This content has been provided on behalf of Honda
GREEN-minded UK motorists are watching Honda’s latest unveiling in the US with an eye to grabbing what could be one of the most economical car deals around.
The Japanese firm’s new Accord Hybrid is set to hit American dealerships at the end of this month, with its European release dates soon to follow.
It takes enough fuel efficiency from its hybrid powertrain and small 1.3 kWh lithium-ion battery pack to achieve 50mpg (4.5 l/100km).
The 2014 Accord Hybrid employs the same chassis and powertrain as the Accord Plug-In.
It combines a 2.0 l (126 cu in) inline four cylinder Atkinson-cycle engine that gives 140hp (106 kW) at 6,200rpm with a 124 kW electric motor-generator.
But there are two obvious differences.
The Plug-In, which is presently only available in New York and California, has a much bigger 6.7 kWh battery pack.
Also, the Plug-In’s starting price of over 40,000 dollars (£25,040) is significantly higher than the suggested 29,155 dollars (£18,246) for the Accord Hybrid.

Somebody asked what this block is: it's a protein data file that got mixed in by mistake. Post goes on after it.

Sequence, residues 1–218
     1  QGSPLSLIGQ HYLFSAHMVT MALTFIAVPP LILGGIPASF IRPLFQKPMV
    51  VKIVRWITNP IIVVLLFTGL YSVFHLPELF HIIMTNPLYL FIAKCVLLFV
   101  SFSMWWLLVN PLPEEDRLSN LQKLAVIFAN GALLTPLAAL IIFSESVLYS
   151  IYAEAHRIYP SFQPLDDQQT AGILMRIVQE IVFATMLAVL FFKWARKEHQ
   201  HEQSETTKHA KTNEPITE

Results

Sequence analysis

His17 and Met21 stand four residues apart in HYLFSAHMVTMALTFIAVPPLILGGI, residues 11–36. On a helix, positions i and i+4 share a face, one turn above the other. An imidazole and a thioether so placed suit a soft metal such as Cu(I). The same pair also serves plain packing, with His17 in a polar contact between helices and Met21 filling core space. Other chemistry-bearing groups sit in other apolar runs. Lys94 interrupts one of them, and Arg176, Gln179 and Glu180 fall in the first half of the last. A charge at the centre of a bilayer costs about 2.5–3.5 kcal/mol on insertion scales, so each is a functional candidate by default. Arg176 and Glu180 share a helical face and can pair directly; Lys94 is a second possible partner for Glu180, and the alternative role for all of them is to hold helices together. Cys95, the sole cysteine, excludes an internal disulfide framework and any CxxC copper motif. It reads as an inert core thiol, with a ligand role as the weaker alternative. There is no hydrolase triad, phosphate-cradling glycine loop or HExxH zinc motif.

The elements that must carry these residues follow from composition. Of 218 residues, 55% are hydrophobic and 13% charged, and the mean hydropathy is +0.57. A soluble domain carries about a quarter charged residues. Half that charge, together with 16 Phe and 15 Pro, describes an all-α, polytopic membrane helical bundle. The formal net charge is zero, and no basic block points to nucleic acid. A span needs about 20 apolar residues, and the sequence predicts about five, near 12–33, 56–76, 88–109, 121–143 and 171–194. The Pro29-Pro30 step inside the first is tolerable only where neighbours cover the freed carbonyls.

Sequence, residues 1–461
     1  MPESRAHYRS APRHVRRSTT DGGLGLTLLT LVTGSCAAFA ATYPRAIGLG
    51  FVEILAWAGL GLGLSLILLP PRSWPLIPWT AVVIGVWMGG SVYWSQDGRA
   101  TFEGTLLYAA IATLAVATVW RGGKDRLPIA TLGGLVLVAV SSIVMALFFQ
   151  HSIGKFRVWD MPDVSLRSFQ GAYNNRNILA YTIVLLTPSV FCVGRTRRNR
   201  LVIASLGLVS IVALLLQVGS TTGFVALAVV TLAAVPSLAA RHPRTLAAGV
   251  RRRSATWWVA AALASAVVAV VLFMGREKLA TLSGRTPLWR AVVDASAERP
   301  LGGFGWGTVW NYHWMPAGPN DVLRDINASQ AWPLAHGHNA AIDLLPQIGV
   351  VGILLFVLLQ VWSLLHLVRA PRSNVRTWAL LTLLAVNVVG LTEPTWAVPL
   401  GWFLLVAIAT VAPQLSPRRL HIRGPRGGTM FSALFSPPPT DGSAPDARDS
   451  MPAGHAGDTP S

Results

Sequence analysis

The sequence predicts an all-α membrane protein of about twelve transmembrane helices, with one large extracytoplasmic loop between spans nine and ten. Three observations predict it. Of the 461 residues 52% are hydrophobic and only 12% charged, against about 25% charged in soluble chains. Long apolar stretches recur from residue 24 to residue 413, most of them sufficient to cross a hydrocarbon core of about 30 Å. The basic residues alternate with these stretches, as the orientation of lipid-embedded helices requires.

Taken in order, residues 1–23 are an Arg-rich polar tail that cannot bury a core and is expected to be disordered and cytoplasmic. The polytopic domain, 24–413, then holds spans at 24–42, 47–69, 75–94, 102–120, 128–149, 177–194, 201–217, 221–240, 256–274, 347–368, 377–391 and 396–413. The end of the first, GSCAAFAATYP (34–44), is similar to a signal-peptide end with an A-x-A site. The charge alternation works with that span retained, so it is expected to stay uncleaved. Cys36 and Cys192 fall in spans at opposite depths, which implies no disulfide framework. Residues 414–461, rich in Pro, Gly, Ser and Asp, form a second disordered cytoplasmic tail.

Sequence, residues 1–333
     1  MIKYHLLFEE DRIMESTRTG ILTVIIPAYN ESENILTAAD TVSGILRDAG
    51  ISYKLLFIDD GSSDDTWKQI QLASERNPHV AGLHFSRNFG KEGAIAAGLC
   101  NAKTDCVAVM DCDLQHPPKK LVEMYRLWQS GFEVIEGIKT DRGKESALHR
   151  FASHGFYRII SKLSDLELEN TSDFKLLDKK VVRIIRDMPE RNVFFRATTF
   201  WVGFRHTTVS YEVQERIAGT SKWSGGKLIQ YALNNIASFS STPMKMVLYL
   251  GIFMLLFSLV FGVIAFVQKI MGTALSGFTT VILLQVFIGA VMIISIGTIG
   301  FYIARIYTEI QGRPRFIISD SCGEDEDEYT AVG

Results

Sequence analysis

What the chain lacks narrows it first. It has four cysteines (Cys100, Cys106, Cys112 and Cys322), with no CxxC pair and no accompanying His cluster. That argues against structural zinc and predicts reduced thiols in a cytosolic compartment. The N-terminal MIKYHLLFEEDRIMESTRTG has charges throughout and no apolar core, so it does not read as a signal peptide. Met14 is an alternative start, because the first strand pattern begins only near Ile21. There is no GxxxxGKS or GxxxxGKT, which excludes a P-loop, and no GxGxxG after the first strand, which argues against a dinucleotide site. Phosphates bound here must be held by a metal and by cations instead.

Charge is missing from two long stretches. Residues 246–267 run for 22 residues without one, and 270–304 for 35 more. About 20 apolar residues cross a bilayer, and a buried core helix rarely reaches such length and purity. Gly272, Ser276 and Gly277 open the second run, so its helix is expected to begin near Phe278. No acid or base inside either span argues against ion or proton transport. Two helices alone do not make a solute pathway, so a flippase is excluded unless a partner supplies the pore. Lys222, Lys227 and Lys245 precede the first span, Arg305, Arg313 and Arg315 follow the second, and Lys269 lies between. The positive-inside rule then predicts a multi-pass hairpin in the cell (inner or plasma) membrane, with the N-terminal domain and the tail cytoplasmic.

The drivetrain affords the Accord Hybrid three major operating settings. In all-electric mode, the battery powers the electric motor at a maximum level of 42 kW (55 hp). This power level is a design limitation for the battery/motor-generator control electronics.
The battery and electronics are easier to cool at this power level, and cheaper to buy.
The 1.3 kWh battery in the Accord Hybrid stores the energy equivalent of about half a fizzy drink can of gasoline. Thus, pure EV operations are restricted mainly to starting acceleration.
Although the starting price of a basic Accord Hybrid is 6500 dollars (£4068) more than that of an Accord Sedan, the Accord Hybrid comes with more equipment as standard.
This includes Honda’s Lane Watch blind spot display, a rearview camera, Expanded View driver’s mirror, 17 inch alloy wheels, a 10-way power drivers seat, LED daytime running lights, multiple modes of data integration, and a 160-watt AM/FM/CD audio system.
Initial tests indicate that the Accord Hybrid might even enjoy better gas mileage than the EPA figures in normal driving.
Click here for more information on Honda’s current range of cars.
Figures are in US gallons